By Nancy West, InDepthNH.org
CONCORD – After 17 adjudicative hearings, state regulators began Wednesday deliberating the fate of the Seacoast Reliability Project – a 13-mile, $84 million high-voltage transmission line proposed to run from Madbury to Portsmouth.
The seven-member Site Evaluation Committee subcommittee that will make the final decision made fast work of deciding that the project’s developer Eversource has the financial capability to construct the project.
There was some discussion about whether Eversource has the technical and managerial capability – especially regarding subcontracting the submarine portion of the line beneath Little Bay.
But a committee straw poll ultimately agreed that it does have the capability with the caveat that at this stage, the vote it is nonbinding.
“It’s not over until it’s over,” said SEC Chairman Patricia Weathersby.
The developer’s financial capability is just one of four criteria laid out in the law that the project must meet to obtain a certificate to build.
The committee must also weigh the project’s impact on aesthetics, tourism and the environment and decide whether it will impact orderly development of the region. The project must also be found to be in the public interest.
By mid-morning Wednesday, the committee moved on to considering the project’s aesthetics regarding a number of sites that had been the subject of complaints, starting with the crossing of Little Bay, an estuary drivers traveling along Route 4 from Durham to Newington would see while crossing the Scammell Bridge.
The committee reached consensus that the one-mile crossing of Little Bay, including up to 8,000 square feet of concrete mattresses and transition towers, does not rise to the level of having a significant adverse or unreasonable aesthetic impact on Little Bay.
“That is a point that Durham and Newington and other intervenors had argued that it would have an adverse impact,” said Durham Town Manager Todd Selig, who represents Durham and University of New Hampshire as intervenors in the proceedings.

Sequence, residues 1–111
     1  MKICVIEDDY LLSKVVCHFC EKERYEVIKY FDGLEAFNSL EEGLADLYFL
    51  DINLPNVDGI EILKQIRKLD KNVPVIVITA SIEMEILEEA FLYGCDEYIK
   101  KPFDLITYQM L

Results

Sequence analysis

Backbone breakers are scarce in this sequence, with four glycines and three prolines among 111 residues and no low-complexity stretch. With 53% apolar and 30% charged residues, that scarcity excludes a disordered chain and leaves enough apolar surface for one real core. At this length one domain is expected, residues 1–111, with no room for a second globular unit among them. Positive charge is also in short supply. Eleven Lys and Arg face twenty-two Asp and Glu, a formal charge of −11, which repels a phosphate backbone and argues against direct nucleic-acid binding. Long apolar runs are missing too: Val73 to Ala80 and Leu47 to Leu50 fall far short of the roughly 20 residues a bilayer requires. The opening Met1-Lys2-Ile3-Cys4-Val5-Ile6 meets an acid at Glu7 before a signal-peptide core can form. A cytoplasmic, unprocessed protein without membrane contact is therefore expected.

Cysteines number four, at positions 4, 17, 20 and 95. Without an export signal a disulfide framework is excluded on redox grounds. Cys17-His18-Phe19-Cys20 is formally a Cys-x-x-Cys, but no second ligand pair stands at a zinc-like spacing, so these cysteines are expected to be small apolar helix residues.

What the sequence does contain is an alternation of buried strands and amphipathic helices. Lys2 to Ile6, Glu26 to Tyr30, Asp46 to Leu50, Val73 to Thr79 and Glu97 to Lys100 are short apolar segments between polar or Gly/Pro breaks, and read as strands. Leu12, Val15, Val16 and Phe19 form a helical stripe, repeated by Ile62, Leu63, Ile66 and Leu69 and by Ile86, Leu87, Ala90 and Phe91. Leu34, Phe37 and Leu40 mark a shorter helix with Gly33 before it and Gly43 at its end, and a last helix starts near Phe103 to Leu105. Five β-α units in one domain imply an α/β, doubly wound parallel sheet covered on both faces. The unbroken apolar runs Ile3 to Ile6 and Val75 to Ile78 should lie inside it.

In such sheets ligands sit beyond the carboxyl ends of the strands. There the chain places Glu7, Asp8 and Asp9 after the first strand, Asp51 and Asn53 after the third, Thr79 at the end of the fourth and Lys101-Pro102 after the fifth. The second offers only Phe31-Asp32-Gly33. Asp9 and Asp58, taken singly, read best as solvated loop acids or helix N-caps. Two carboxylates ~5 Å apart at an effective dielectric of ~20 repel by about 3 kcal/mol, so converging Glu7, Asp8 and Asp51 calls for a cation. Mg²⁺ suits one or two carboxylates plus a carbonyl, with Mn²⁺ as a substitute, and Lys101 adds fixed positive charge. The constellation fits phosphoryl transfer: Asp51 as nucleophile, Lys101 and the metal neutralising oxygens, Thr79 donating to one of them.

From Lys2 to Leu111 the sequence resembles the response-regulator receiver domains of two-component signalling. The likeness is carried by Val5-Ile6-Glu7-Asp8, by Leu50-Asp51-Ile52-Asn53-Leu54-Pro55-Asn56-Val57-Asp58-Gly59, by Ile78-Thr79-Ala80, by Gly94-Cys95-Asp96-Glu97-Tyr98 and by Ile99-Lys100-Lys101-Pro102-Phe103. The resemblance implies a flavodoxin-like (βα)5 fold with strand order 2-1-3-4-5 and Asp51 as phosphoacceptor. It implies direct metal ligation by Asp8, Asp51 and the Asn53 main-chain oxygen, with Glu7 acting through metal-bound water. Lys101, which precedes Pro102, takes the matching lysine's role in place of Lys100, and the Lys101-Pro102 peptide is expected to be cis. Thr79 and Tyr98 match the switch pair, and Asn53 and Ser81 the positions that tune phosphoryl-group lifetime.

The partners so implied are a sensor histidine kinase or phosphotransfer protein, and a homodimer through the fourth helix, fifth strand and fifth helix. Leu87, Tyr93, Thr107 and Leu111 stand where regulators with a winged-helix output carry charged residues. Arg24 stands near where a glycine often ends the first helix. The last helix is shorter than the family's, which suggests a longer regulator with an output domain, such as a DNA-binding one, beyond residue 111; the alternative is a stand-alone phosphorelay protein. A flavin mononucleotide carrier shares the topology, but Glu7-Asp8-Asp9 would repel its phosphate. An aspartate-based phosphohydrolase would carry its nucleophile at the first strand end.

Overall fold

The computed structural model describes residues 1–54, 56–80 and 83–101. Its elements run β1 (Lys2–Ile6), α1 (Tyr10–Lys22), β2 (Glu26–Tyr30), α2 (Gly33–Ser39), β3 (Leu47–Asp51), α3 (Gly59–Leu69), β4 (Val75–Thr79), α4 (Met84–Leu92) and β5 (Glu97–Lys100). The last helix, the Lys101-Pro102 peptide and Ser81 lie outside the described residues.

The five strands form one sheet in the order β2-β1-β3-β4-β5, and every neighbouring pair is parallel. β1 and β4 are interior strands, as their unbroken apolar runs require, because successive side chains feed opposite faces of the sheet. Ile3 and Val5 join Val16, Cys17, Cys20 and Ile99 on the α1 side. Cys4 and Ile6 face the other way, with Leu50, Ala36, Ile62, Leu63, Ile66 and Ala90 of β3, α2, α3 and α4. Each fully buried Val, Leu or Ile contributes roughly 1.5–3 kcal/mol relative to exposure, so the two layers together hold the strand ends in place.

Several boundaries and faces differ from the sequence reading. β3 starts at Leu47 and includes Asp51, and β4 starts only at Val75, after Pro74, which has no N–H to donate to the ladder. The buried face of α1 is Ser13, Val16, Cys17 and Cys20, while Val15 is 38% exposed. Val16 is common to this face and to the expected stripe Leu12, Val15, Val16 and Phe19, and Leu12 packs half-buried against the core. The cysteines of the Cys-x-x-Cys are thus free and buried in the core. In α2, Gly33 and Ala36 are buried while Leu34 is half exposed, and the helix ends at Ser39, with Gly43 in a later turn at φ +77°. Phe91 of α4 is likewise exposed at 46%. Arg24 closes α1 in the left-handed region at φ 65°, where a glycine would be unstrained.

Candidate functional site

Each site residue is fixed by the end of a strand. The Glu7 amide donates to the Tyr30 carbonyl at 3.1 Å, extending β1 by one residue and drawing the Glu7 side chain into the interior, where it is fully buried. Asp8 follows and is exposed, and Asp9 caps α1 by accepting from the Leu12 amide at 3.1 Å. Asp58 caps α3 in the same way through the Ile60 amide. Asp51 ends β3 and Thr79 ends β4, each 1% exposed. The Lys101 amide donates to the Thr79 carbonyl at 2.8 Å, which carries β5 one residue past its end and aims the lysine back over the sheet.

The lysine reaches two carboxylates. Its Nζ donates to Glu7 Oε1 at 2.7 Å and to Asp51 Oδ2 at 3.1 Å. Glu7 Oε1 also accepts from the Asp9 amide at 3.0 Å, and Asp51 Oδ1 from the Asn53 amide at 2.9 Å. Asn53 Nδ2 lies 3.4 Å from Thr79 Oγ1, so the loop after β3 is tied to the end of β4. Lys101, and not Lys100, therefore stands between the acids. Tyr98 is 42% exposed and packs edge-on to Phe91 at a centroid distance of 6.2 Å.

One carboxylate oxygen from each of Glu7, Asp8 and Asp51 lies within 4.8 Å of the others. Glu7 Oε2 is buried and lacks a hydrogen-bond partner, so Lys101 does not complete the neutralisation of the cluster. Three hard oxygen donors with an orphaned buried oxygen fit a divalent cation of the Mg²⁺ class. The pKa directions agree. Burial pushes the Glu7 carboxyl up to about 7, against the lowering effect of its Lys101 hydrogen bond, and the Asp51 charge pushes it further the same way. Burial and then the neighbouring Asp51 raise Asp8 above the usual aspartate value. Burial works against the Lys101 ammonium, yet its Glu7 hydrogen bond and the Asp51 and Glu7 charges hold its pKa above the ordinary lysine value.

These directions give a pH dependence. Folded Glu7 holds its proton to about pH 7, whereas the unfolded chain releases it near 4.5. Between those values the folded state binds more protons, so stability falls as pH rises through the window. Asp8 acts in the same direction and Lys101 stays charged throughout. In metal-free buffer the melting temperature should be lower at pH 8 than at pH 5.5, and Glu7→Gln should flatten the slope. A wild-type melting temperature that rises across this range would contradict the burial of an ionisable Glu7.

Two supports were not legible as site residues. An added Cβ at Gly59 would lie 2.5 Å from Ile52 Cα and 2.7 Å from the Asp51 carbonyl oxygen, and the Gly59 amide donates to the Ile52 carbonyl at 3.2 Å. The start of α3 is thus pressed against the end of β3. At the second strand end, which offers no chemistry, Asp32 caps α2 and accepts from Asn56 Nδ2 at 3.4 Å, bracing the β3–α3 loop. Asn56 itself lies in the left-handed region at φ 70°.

“The committee today appears to have taken the opposite perspective and that is very significant in their deliberations,” Selig said during a break.
Much of the controversy surrounding the project concerns the underground section through Little Bay, the method that will be used to place the cable, and the section through Durham.
Deliberations involve committee members talking publicly with each other about testimony on the project. There were only a handful of residents from the Seacoast towns most affected by the project at the first day of deliberations.
The room at 49 Donovan St. in Concord that sometimes saw a full house during similar proceedings for Eversource’s Northern Pass Transmission project before it was denied was mostly empty.
The committee will take no more testimony and work during deliberations to decide whether the project has proven all four criteria set in the law.
Martha St. Amand of Newington attended part of the morning session. “I thought it was decided already,” St. Amand said during a break. “The people don’t want it.”
St. Amand said she lives right on the bay and is concerned about the project’s impact on the environment and the view.
“It’s bad enough we have to hear all the planes,” St. Amand said, referring to air traffic at Pease.
Eversource says the line is needed to address the growing demand for electricity in the Seacoast area. Eversource officials contend without the project, rolling blackouts may occur.
The project costs would be included in all New England transmission rates because it is a reliability project approved by ISO (Independent System Operator)-New England.
The committee will meet Thursday to continue discussing the project’s aesthetics. And continue deliberating Dec. 3, 6, 7 and 10 at 49 at Donovan St. in Concord.